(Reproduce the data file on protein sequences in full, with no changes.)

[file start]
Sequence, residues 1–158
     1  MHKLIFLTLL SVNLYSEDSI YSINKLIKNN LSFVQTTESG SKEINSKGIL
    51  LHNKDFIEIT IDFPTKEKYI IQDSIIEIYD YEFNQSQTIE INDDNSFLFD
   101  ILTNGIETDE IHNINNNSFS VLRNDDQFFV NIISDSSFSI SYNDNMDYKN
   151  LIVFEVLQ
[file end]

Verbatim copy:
Sequence, residues 1–158
     1  MHKLIFLTLL SVNLYSEDSI YSINKLIKNN LSFVQTTESG SKEINSKGIL
    51  LHNKDFIEIT IDFPTKEKYI IQDSIIEIYD YEFNQSQTIE INDDNSFLFD
   101  ILTNGIETDE IHNINNNSFS VLRNDDQFFV NIISDSSFSI SYNDNMDYKN
   151  LIVFEVLQ